About Sally’s Residency

This LGI Residency is part of an ongoing research into movement compositional ideas derived from the approach invented by the late Israeli artist, Noa Eshkol.

Here’s what Sally said of the project on the eve of the residency:

“I’ve been involved in modern dance for decades. I’m interested in dance history as a source for contemporary practices.

In particular I’m exploring some ideas that have come from research I’ve undertaken into the work of the late Israeli artist Noa Eshkol. She developed a compositional notation system (EWMN).

The photo is one of a series of composites where I have used my personal archive of snap shots taken in various international locations during my dancing life. In putting images together I look for a movement passing from one side to another.

Michelle Mantsio and Kate Kennedy will be joining me on an occasional basis.”

Learn more about Noa Eshkol:
– Biography
– Eshkol-Wachmann Movement Notation
– The Noa Eshkol Archive

Notes from the studio

“I am enjoying spending the time in the studio spaces.

I’ve been taking photos of details.

I am trying to reconstruct Steve Paxton’s Flat from a detailed description of the work by Sally Banes in Writing Dancing in the Age of Postmodernism [Wesleyan UP, 1994]. It involves walking and standing, posing, and taking off and on items of clothing and numerous other challenges.

Kate Kennedy and Michaela Ottone are joining me in this, although Flat is or was a solo. Paxton saw Noa Eshkol’s work when she was touring American college campuses in 1970. He wrote: ‘It was just great luck to happen to see her work. It reorganised my brain, I’m sure, and from then on dance could thought of in her terms: unique, formal, perfect, and indifferent to applause…’ [‘Thoughts on Noa’, in Sharon Lockhart Noa Eshkol Sternberg Press, 2012]”

Post-Residency Reflections

On 21st June, to complete a residency at LGI WXYZ studios, with co-performers Michaela Ottone and Kate Kennedy, I presented an arrangement of Steve Paxton’s piece Flat (1964), based on the description by Sally Banes (in Writing Dancing in the Age of Postmodernism, 1994), followed by some movement patterns composed using principles of Eshkol Wachmann movement notation (see Eshkol, N. & Wachmann A. Movement Notation, 1958). The performance of our version(s) of Flat could have been considered to mark the 80th birthday of Paxton as he was born in 1939 (Wikipedia).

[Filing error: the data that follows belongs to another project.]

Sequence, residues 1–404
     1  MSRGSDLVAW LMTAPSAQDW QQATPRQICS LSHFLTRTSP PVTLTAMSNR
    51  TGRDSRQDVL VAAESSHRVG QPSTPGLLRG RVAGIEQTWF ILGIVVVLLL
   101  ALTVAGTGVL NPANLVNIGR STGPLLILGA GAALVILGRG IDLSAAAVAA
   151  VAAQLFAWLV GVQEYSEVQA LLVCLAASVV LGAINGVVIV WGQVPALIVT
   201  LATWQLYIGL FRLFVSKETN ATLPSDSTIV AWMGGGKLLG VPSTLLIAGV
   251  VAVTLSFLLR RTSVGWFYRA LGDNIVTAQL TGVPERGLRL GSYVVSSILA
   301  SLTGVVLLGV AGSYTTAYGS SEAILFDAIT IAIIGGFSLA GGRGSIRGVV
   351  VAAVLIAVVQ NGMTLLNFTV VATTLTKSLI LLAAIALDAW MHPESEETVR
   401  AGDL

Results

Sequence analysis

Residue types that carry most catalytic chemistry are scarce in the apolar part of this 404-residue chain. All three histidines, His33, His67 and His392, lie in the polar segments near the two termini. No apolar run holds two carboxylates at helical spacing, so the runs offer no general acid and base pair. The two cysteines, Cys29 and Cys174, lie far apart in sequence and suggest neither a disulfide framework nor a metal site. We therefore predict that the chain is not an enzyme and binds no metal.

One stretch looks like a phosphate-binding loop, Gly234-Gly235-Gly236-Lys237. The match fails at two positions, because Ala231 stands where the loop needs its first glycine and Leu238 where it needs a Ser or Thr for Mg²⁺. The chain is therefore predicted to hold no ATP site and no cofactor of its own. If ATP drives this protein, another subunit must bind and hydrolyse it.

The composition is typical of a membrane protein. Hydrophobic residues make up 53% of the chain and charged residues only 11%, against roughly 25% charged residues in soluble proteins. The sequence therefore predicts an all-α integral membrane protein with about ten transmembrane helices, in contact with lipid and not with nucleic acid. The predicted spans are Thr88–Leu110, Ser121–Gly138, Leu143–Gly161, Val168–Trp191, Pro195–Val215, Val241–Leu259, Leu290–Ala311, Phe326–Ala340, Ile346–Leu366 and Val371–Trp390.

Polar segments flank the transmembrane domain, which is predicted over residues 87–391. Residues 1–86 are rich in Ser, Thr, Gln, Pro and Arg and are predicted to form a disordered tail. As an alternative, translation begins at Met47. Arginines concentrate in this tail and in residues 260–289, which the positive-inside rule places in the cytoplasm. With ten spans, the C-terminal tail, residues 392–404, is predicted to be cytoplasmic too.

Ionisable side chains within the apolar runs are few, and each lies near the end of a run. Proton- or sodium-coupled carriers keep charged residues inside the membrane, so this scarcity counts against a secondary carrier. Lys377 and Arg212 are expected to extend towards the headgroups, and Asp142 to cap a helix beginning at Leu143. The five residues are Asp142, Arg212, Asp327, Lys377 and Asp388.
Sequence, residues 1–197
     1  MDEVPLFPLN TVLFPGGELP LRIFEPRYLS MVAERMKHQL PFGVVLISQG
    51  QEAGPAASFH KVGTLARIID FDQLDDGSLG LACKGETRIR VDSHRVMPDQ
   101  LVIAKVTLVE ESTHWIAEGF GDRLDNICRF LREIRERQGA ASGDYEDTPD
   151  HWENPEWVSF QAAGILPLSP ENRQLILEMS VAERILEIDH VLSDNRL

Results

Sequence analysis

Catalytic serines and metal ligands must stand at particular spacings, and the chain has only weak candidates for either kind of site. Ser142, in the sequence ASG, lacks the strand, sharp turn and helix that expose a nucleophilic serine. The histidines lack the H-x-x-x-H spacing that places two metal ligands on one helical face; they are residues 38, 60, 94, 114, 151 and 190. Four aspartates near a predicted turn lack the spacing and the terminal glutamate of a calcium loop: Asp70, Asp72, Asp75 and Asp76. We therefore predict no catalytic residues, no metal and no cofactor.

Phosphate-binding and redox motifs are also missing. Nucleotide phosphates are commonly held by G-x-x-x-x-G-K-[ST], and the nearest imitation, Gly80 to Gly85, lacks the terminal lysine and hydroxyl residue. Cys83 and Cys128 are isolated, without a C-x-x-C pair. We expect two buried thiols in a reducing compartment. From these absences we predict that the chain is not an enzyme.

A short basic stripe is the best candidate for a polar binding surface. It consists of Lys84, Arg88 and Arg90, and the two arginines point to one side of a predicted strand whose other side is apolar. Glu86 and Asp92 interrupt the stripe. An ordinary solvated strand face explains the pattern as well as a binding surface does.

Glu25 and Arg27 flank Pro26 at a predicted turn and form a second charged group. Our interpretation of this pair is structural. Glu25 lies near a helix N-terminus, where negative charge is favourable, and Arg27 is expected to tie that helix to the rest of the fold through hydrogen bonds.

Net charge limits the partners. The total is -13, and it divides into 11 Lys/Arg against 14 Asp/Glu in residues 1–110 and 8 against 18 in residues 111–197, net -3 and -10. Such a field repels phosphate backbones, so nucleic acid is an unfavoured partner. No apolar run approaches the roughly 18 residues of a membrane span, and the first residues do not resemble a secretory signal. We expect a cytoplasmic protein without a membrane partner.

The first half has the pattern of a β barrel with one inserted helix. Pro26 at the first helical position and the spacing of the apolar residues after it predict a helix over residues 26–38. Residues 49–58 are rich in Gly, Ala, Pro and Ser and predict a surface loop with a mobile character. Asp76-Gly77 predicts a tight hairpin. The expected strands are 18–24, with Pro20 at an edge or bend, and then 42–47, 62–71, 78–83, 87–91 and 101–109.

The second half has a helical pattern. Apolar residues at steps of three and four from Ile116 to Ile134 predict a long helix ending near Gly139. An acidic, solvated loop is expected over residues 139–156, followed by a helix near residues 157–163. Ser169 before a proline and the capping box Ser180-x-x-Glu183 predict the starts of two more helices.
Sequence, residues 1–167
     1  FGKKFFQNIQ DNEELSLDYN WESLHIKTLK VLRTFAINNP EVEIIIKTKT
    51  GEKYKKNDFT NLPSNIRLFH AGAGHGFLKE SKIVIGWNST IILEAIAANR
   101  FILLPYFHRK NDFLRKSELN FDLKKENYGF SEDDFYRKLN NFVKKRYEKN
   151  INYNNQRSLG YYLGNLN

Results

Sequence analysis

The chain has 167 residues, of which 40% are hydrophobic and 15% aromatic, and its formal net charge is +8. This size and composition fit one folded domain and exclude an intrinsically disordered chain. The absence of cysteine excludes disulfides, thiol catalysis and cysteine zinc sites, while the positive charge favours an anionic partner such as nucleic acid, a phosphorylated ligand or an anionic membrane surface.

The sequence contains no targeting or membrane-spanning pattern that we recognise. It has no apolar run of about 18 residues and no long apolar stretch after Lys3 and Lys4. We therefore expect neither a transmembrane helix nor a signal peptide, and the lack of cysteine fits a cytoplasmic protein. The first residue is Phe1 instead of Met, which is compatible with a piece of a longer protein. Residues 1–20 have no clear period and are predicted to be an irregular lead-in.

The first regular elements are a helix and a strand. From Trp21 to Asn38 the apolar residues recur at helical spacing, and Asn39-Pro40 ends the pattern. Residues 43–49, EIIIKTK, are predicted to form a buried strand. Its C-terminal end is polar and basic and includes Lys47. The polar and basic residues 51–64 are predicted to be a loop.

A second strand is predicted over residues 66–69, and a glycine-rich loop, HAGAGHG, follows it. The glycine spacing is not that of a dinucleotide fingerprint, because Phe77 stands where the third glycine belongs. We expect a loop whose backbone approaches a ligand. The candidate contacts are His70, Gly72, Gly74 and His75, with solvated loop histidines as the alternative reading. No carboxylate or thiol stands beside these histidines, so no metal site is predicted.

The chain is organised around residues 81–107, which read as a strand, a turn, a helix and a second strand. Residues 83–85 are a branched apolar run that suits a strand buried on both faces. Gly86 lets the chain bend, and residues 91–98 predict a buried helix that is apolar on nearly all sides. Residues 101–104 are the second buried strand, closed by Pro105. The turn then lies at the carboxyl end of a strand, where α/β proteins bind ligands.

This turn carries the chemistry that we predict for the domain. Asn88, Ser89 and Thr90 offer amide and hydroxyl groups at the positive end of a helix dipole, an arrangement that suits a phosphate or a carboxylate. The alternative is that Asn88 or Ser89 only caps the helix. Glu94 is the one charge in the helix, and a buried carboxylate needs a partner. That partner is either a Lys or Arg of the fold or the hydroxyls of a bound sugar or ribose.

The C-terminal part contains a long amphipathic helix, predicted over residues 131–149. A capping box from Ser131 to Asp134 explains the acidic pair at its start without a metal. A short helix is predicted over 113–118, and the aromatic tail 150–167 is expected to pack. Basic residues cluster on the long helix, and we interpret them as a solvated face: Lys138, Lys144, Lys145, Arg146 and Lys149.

The performance also recognised that in 1970 (some years after he had composed Flat), Paxton had seen work by Palestinian-born artist, Noa Eshkol (b.1924) and claimed that it had ‘reorganized my brain’ (‘Thoughts on Noa’ in Sharon Lockhart/Noa Eshkol Sternberg Press, 2012). Noa Eshkol is not as well known in the dance field as Paxton, whom a reviewer once described as ‘the heartthrob of the postmodern dance world’ (Sagolla, L. Review in Back Stage, 40/24, 1999). Eshkol worked mainly in Israel and more particularly at her house and studio in Holon near Tel Aviv. Her work, which also includes a large number of ‘wall carpets’, and that of the dancers who maintain her oeuvre, has become internationally visible more recently through the exhibition Sharon Lockhart/Noa Eshkol which toured Europe and the US in 2012-13. I spent about 10 days visiting the Holon house and studio in January 2016, where I experienced the hospitality and commitment of the Chamber Dance Group.